Sense organs are made up of sensory cells that allow us to respond to physical stimulus. The human body consists of five sense organs which are the eyes (for vision), nose (for smell), ears (for listening), tongue (for tasting), and skin (for touch).
Sense organs have cells present inside them that detect sensations which are sent to our brain via nerves. Stimuli in the environment generate sensations and lead to activation of the receptor cells in the peripheral nervous system.
There are two different categories of receptors in our body, which are the general and special receptors. General receptors are present throughout our body whereas special receptors are confined to specific places. Let us now study these five sense organs and their functions in detail.
Five Sense Organs and their Functions
As stated above, the eyes, nose, ears, tongue, and skin have different functions; you can understand the structure and function of each sense organ in detail here.
Eyes are sense organs that provide us with the ability to see things around us. It allows us to see objects by collecting light and converting it into electro-chemical impulses in neurons. In humans, the main components of eyes are cornea, iris, pupil, eye-lens, ciliary muscles, and retina.
Our eye is roughly spherical in shape. Let us discuss the functions of each component in brief.
Component of Eye
It is the outer coat of the eye that performs the function of protection.
Iris is present behind the cornea. Its function is to regulate the amount of light entering the eye by adjusting the size of the pupil.
The size of pupil contracts when the amount of light around is high while its size grows bigger when the amount of light around is less.
The eye lens is located behind the pupil and made up of transparent material. It focusses the image of an object on the retina.
The ciliary muscles are responsible for adjusting the focal length of the eye-lens in accordance with the distance of the object from the eye.
Retina helps to form an image in the eye. It is attached to the optic nerves, which carries the image in the form of signals to the brain.
The nose is the most protruding part of the face that helps us to smell and breathe. As the nose is the first part of the respiratory system, air enters our body through nostrils. As soon as it goes past the olfactory system, the brain recognizes and identifies smells.
The structure of our nose is determined by the presence of nasal bones and the nasal cartilages. This framework is well supported by different types of soft tissues such as skin, epithelia, muscles, nerves, blood vessels, and mucous membrane.
Ears are sense organs that allow us to hear the sound around us caused by sound waves. When any external object generates a noise, sound waves get converted into the electrical impulse. The compressed is converted into electrical signals that are carried to the brain via auditory nerves.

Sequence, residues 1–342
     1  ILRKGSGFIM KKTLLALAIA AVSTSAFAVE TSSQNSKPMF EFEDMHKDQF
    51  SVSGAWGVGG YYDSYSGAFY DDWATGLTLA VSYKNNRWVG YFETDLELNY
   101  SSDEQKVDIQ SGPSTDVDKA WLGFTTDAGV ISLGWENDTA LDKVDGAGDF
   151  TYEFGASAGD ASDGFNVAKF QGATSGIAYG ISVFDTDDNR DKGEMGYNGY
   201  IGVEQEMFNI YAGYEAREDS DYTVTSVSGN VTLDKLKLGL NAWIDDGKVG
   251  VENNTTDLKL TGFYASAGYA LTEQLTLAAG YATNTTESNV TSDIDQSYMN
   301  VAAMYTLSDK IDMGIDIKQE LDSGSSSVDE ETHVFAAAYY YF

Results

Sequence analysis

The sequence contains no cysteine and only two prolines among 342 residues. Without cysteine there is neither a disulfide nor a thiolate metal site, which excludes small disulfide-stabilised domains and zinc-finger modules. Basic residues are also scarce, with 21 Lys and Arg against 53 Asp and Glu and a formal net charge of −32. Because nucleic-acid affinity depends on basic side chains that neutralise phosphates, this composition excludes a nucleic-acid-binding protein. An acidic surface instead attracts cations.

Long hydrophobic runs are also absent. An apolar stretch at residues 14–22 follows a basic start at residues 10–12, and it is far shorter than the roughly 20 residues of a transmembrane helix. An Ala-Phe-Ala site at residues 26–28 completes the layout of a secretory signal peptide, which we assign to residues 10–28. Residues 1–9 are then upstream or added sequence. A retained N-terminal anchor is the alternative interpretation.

The human ear is made up of three parts which are as follows.
Parts of Ear
Components and Structure
It comprises an ear canal, eardrum and a pinna.
It is made up of three delicate bones which are- anvil, hammer, and stirrup. These three bones are interlinked with each other. The lower part of the ear is characterized by the presence of the Eustachian tube.
The path of the middle ear leads to a coiled tube called the cochlea, which is composed of nerve cells that are sensitive to the sound. Auditory nerves present inside the ear carries the sound signals to the brain.
The tongue is not only a sensory organ but also an important part of the digestive system. With the help of our tongue, we can perceive tastes and flavours. The upper surface of the tongue contains taste buds that are found between papillae.
Another important role of the tongue is that it helps in the mastication of food and its swallowing. Due to the presence of salivary glands in the mouth, the tongue is kept moist by saliva.
Skin is the fifth sense organ of our body that perceives the feeling of being touched. It is the largest organ of the body; it protects our organs from microorganisms and also helps control body temperature.
The skin is made up of three layers, the epidermis, the dermis, and the hypodermis. The epidermis protects us from environmental elements. The dermis, beneath the epidermis, comprises strong connective tissue, sweat glands, and hair follicles. The innermost layer, the hypodermis is made of fat and connective tissue.
This was all about the five sense organs and their functions. You must know the functionalities and structure of each organ as it is a key topic from the perspective of competitive exams. You can expect a few questions related to five sense organs in the general awareness section of any competitive exam.
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